Stephen Colbert (a late-night host who you should look up if you haven’t heard of him!) recently joked that under normal circumstances the presidency makes the president go grey, but in the case of Trump, the presidency is making us citizens go grey. Throughout this semester, I have explored the causes and consequences of stress in my blog. In honor of the bigly stress that Trump has caused me and many others in the past year, I would like to devote my final blog post to exploring three major ways in which his presidency has caused us to grey based on research I explored in my previous posts about stress related to geopolitical events, intergroup contexts, and technology.
One way in which we can measure the stress caused by Trump is to simply examine how people’s stress levels were affected directly by his election. Majumbder et al. (2017) explored which demographic factors put people at risk for experiencing stress and anxiety surrounding Trump’s election. They found that women, democrats, and low socioeconomic status individuals tended to experience more stress than others. Trump himself is not only the antithesis to these identities (he is a rich Republican man), but his policies and rhetoric also threaten these groups. Importantly, this research demonstrates that while stress can be far-reaching, it is also quite specific in terms of whom it affects the most.
Unfortunately, given the racist and sexist rhetoric Trump has continued to spout since assuming office, the stress associated with him did not end after the major geopolitical event of the presidential election. Rather, stress associated with intergroup relations has undoubtedly affected many individuals. Sapolsky (2004) discussed in his book the chronic stress and consequent health problems associated with poverty while others have elaborated on similar concerns associated with being a racial minority in America (see Major, Mendes, & Dovidio, 2013, for review). Constantly wondering whether one will be able to provide food for one’s children or wondering whether a doctor will be racist and fail to prescribe adequate pain medications are common stressors associated with these groups. One category of individuals who likely experienced similar stressors since Trump assumed office was immigrants. Trump not only put forth isolationist ideals, but also took concrete action to ban individuals from certain “terror threat” (read: Muslim-majority) countries and also to deport immigrants who came to this country illegally. People continue to experience uncertainty as to whether or not they will be able to stay in America, a place many have called home since they were children. This constant threat mirrors the chronic stress previously explored in other disadvantaged groups, suggesting that immigrants may be at risk for stress-related health problems.
The stress of Trump’s presidency not only relates to his message, but also to how he communicates his message. Unlike previous presidents who may have been great orators (ahh, I miss Obama!), Trump’s main line of communication with the country is through a near-constant stream of tweets. These tweets can come at any time of day or night, and may address anything as trivial as Trump calling Rosie O’Donnell fat to something as serious as North Korea’s nuclear weapons. In one of my previous posts, I discussed how use of information and communication technologies may be associated with stress for many reasons, some of which relate to the expectation that we are constantly available and connected with our electronic devices for work (Ayyagari, Grover, & Purvis, 2011). A similar type of stress may be associated with keeping up with Trump’s tweets. Given the volatility of this administration thus far, we are constantly waking up to breaking news, whether it is directly through Trump’s Twitter feed or indirectly through the 24-hour news cycle. For those who wish to stay informed, the need to constantly stay connected and check Trump’s tweets may be stressful in the same way that constantly checking our work email may be.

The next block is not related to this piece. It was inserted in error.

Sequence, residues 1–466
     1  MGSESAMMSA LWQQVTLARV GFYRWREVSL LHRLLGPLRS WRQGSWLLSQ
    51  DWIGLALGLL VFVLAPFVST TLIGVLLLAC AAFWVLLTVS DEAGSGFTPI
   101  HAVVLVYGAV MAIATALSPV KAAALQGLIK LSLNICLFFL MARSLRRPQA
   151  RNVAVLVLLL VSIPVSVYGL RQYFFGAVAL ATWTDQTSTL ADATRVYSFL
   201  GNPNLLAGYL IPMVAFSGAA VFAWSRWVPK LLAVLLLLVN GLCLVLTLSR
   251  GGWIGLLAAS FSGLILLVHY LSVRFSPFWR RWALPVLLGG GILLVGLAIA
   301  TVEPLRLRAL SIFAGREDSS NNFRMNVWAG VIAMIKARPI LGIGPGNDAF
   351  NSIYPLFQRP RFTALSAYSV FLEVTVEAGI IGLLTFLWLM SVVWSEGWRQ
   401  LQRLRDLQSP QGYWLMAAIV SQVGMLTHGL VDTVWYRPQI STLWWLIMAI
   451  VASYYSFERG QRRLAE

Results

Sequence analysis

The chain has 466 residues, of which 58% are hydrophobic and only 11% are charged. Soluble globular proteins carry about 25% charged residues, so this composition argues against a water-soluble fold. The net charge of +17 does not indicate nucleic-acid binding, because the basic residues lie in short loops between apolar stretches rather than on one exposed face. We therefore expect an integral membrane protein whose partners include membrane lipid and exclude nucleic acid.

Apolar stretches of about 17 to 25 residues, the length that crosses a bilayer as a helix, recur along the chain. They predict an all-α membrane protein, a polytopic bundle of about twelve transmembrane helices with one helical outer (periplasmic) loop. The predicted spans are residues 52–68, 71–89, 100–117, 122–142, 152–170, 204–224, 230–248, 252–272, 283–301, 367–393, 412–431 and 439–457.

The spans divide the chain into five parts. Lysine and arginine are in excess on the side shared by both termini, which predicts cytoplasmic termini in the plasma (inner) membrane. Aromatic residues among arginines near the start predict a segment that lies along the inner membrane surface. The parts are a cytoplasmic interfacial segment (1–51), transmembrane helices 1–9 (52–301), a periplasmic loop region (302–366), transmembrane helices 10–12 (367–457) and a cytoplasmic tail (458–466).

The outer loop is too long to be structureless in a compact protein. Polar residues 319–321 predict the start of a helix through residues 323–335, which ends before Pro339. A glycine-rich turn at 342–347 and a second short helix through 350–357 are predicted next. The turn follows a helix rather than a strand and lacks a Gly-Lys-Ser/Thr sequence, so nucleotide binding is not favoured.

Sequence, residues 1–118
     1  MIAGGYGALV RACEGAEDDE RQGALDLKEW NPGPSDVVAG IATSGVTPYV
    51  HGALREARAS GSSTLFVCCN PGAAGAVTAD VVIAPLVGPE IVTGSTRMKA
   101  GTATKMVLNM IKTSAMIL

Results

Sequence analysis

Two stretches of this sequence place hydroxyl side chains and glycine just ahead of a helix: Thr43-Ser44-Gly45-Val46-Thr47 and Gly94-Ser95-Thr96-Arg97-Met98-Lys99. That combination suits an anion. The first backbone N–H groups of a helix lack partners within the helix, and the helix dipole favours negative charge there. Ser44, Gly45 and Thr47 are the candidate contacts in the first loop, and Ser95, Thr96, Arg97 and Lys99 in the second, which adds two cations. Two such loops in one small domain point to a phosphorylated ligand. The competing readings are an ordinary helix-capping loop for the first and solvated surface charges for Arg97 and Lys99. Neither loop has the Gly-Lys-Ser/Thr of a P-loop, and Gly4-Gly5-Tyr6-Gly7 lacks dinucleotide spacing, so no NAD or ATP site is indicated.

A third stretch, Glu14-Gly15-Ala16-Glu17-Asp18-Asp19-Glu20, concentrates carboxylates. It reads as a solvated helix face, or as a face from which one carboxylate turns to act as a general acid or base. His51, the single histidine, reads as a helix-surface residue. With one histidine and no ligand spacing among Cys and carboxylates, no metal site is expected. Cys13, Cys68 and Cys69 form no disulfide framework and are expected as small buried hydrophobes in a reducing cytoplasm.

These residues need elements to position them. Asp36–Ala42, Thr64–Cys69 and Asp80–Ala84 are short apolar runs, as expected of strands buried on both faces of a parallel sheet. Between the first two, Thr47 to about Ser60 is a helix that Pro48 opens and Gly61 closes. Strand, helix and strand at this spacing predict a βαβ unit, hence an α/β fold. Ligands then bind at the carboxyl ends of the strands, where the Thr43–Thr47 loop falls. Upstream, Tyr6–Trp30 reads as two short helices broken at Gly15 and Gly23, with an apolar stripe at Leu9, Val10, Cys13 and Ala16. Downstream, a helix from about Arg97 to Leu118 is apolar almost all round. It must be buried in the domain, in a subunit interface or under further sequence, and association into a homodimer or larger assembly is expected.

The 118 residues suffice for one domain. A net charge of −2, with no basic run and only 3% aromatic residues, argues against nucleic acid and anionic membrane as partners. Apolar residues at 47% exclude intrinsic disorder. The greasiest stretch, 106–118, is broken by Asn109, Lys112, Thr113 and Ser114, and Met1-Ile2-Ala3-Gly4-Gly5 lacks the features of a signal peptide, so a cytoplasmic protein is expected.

I’m only 24, but at this rate I might be completely gray by 2020! As we can see with just one example of Trump’s presidency, even when focused on one aspect of our lives (i.e., our political engagement), stress can catch up to us from multiple angles. However, it is also important to recognize that every individual is different—we are not all affected in the same way or to the same degree. While many of the macro level stressors discussed in this post are unavoidable, it is important for our health that we seek out ways to support each other, particularly those who may be most vulnerable to experience stressors from multiple sources. There’s no doubt Trump is stressing us out right now. Nevertheless, we will persist. Because as stressed as humans may get, we are resilient. And we will come back from this stronger (look out, 2018 and 2020!).
**This post was a reflection on the following three posts:
Ayyagari, R., Grover, V., & Purvis, R. (2011). Technostress: technological antecedents and implications. MIS quarterly, 35(4), 831-858.
Major, B., Mendes, W. B., & Dovidio, J. F. (2013). Intergroup relations and health disparities: A social psychological perspective. Health Psychology, 32(5), 514.
Majumder, M. S., Nguyen, C. M., Sacco, L., Mahan, K., & Brownstein, J. S. (2017). Risk factors associated with election-related stress and anxiety before and after the 2016 US Presidential Election.
Sapolsky, R. M. (1994). Why zebras don’t get ulcers. New York: WH Freeman.